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Why We Homeschool, part 3 August 28, 2007

Posted by Laura in Faith, Family, Homeschooling.

As fall approached, I vacillated between excitement that Benjamin was old enough to start this adventure and anxiety/sadness that we had entered this phase of our lives already. Benjamin was alternately excited and quite apprehensive before the year started. None of his neighborhood buddies were in his class and he didn’t know any of his classmates.

I got a good feeling from his Kindergarten teacher and the other children seemed nice. The parents at the school were very positive and involved. There was no Christian teaching, but we could handle that ourselves between home and church. Unfortunately, Benjamin experienced extreme separation anxiety. Every morning, I had to park and walk (sometimes pull) him to his classroom. I stayed for 15 minutes or so to get him settled in and started on the first activity. I said my goodbyes and left, but his teacher had to physically hold him in the room. She assured me it wouldn’t last more than a week or two. Nine weeks later, we had finally gotten past it.

At right about that same time, God prompted us to start looking into farms again. We had always wanted to raise our children with wide open spaces and animals. We were currently living in a nice neighborhood, but the houses were so close together that Benjamin couldn’t throw a ball in any direction without hitting a window. Our neighbors were nice people, but few shared our values. Most seemed quite caught up in “the world” and accumulating all its trappings. Our neighbor across the street sent his wife back to work so they could get new cars every year and they had a television so big we could watch it from our house! We were looking for a simpler life where children played outside (instead of video games), everyone contributed to the success of the family, we could raise our own food, and entertainment was more wholesome and family-inclusive. God had just the right place in mind.

At the beginning of January, we moved to what we consider a glimpse of heaven. We enrolled Benjamin in the public school a couple of miles from us. It has a wonderful reputation. The principal is great, all the teachers I’ve met are professional and loving, and the school has performed well on the things the government thinks are important. He had a good second semester of K and learned quite a bit. His teacher was happy to have me volunteer for several hours a week and welcomed Rachel, too. We were very content.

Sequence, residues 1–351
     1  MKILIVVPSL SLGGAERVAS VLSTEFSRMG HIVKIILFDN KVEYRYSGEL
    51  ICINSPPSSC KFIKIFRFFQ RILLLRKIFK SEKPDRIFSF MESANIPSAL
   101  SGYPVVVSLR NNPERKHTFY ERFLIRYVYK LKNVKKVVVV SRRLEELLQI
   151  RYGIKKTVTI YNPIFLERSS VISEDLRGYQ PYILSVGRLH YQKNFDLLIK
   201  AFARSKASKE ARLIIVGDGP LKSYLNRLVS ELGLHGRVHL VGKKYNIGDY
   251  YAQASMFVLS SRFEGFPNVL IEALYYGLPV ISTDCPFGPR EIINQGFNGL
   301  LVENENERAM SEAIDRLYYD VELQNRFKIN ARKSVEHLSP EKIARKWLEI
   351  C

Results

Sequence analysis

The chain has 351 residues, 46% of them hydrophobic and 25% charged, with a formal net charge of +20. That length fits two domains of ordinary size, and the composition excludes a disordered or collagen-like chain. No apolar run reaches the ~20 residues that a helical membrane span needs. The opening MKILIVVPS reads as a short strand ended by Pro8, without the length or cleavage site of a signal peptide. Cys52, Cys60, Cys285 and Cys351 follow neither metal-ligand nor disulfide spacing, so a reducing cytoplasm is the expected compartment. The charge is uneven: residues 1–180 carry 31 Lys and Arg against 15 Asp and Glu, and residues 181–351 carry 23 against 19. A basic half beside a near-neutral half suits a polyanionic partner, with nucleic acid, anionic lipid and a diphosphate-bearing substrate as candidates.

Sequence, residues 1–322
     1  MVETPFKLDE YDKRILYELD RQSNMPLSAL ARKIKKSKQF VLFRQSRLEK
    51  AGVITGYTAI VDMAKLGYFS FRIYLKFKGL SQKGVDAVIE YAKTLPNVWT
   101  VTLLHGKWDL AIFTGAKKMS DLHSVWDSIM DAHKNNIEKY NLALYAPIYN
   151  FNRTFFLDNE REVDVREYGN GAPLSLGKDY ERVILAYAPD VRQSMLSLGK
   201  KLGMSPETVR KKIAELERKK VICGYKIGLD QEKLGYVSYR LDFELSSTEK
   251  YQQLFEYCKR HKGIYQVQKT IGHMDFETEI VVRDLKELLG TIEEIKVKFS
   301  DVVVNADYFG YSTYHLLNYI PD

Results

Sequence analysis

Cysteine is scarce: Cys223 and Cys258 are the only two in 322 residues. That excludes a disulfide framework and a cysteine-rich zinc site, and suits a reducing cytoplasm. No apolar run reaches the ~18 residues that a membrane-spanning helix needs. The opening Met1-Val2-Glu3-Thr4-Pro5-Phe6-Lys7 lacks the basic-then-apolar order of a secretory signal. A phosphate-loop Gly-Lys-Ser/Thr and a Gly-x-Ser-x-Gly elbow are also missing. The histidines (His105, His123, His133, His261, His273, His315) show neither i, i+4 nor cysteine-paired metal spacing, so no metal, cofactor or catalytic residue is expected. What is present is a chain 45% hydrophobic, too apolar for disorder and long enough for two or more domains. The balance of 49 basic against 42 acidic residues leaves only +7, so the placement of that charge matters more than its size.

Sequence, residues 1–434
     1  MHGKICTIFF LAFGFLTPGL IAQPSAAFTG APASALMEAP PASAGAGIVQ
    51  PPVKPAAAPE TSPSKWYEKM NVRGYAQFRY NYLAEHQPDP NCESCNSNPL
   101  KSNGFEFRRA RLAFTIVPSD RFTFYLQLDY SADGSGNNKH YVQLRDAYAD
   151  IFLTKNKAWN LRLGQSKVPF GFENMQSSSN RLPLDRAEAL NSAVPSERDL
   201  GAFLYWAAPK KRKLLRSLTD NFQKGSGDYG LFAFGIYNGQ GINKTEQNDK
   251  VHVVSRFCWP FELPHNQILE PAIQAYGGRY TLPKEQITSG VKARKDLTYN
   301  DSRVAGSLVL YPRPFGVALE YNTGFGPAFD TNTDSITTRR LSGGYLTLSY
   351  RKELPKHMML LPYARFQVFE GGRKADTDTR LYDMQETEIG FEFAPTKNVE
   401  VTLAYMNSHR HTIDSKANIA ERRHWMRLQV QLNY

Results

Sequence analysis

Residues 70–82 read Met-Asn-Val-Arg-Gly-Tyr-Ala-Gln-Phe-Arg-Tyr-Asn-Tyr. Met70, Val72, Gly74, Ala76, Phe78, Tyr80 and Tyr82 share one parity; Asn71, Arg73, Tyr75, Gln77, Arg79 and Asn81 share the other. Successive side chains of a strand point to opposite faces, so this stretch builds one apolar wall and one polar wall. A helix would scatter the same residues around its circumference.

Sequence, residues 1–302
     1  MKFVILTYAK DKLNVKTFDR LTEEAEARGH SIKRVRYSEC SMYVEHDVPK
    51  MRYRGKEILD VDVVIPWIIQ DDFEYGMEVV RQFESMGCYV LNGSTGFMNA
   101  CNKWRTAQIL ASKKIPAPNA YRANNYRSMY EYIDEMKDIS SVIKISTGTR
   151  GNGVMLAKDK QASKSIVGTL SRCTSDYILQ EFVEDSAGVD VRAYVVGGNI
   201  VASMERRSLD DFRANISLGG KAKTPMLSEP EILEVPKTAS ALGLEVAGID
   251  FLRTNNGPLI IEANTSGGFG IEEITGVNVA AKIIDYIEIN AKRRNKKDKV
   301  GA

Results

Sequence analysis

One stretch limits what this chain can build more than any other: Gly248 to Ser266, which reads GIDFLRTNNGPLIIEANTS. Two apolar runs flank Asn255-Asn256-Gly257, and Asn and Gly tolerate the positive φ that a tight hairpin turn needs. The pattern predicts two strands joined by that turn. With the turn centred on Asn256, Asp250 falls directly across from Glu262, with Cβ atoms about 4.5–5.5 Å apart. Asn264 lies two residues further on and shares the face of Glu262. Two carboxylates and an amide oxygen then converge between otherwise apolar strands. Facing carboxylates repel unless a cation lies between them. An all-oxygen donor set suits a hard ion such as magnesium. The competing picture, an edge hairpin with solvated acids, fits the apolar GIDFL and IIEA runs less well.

The following fall, we were back for first grade. Benjamin had a very good teacher and I was volunteering again as much as she’d let me. Being a former teacher myself, I was able to free her up to do small reading groups and such. I noticed quickly, though, that there were about 5 boys in the class that were already real doozies in the first week. They weren’t just a little naughty or off-task- they pushed, poked, and took things from other kids. They refused to sit down. They did almost nothing she asked and were extremely disruptive. Even keeping the boys within hand’s reach hardly allowed her to teach. Most had been to the office several times and had serious talks with the principal.

At home, I was noticing a change in Benjamin’s behavior. He was becoming more oppositional. He started having temper tantrums like we hadn’t seen from him since he’d turned four. The only thing that was different was his new group of classmates. We were concerned.

The following week, I stayed for lunch a couple of days and ate with the students in the cafeteria. That was really eye-opening. There were plenty of adults supervising the kids, but their attention was on helping kids get through the line, opening milk cartons, and cleaning up spills. They couldn’t hear or monitor individual conversations at the tables.

The kids had to sit with their classes at long tables. I sat in the middle and could hear what was going on for several feet in each direction. I was absolutely appalled at the topics discussed by these 6 year old boys. They were comparing “bad words” they had learned on late night television and making gestures I hadn’t been exposed to until college! We had so carefully chosen how we wanted our son to be raised and what we wanted him to consider “acceptable behavior,” and I could see his innocence would be lost in the matter of 9 school months!

I tearfully approached Joe and said I didn’t see how we could leave him in the public school. My immediate thought was to pull him out and homeschool him, but Joe wanted to try other things first. He suggested I try to have Benjamin moved to another first grade class. The principal was sympathetic, but said she really didn’t think that would help since the boys in his class were not the only kids like that.

We looked into the local private Christian school. The tuition was reasonable, but it would strain our budget and may force me to work, at least part-time. We prayed for guidance and eventually both came to the conclusion that we should try homeschooling.




1. Entertained reader - September 1, 2007

I really don’t think that sheltering a child from quite normal (though inappropriate) exposure is a legit reason to homeschool. I understand your concern and desire to protect Benjamin, but the child will learn it one way or another (in my opinion if properly socialized).

2. Entertained reader - September 7, 2007

Oh, and as an addition, i’d like to say that children will hear and learn inappropriate words from their peers. But that doesn’t make it acceptable. Appropriate and acceptable are not synomynous. It is my opinion that it is the parents’ job to teach the child what is/is not acceptable.

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